I always knew dealing with rejection was hard, but I never realized how difficult it could be to reject people. This is the second week of the summer reading program, and for the first time, my colleague and I have had to turn people away from programs. Well, maybe we didn't have to, but we decided our programs would run better if we were more strict about the age ranges.
Just last year, we would have been thrilled to have too many people for a program. Last year, there was no such thing as too many people! People were the measure of our program's excellence! But this year, we have enough people coming that we're getting picky. We're also running out of supplies, so we're requiring sign ups. But we've always been so loosey-goosey that a lot of our regulars are coming without signing up, because there's no precedent for it.
So. Rejecting people. It's hardest when the parent doesn't speak English, because A) I want to be extra welcoming to people who might be outside their comfort zone, and B) I have no idea what their children are actually translating to them. I try to smile a lot. And then there are the people who kindly explain to me how they should be allowed to bring their child because they didn't know we had sign-ups, therefore the sign-ups do not exist in their reality. That's not exactly what they say, but that's what it sounds like to me.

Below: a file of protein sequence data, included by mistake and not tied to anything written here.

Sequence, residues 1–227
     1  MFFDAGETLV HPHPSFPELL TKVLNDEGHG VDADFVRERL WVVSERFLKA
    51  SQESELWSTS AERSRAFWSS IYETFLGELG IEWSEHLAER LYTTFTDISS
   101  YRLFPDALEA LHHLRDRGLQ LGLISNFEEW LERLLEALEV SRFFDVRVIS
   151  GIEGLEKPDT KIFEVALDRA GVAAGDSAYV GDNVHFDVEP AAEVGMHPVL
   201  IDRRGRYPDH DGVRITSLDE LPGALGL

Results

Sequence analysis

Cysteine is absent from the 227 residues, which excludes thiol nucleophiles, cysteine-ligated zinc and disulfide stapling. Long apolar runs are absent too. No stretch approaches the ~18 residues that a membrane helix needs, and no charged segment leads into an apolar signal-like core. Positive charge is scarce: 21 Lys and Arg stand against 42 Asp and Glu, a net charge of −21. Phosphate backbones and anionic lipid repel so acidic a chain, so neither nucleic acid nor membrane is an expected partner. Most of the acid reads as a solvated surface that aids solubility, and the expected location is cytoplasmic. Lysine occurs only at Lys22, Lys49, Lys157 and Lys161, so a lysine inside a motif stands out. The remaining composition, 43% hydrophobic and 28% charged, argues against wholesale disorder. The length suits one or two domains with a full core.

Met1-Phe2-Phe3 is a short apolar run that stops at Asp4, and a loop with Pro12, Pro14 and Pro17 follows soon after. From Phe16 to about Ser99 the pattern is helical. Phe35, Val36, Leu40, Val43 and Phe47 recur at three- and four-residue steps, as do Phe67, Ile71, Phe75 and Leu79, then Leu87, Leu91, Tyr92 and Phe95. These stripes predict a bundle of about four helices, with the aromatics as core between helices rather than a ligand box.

And I just feel so bad. But here's the big revelation (yes, there is a point to all this agonizing!): turning people away has helped me understand the community's needs better. Suddenly, I'm aware of gaps in our services. For example, we don't have any programs that really target kids between 9 and 12. We have kid programs, but they tend to attract 4- to 7-year olds, so the 10-year-olds are way too sophisticated. And then we have teen programs, at which we talk about sex a lot. So that's not right either. I need tween programming!
And it's true that the programs run better when we have enough materials for everyone and when the kids are within the same age range. Then they require less help and are less likely to get bored. So it's good, but it's hard. We've entered a new stage with our programming, and I should be proud. At the moment, I still feel kind of crappy, but I'm going to reread this post a few times until I believe everything I'm saying.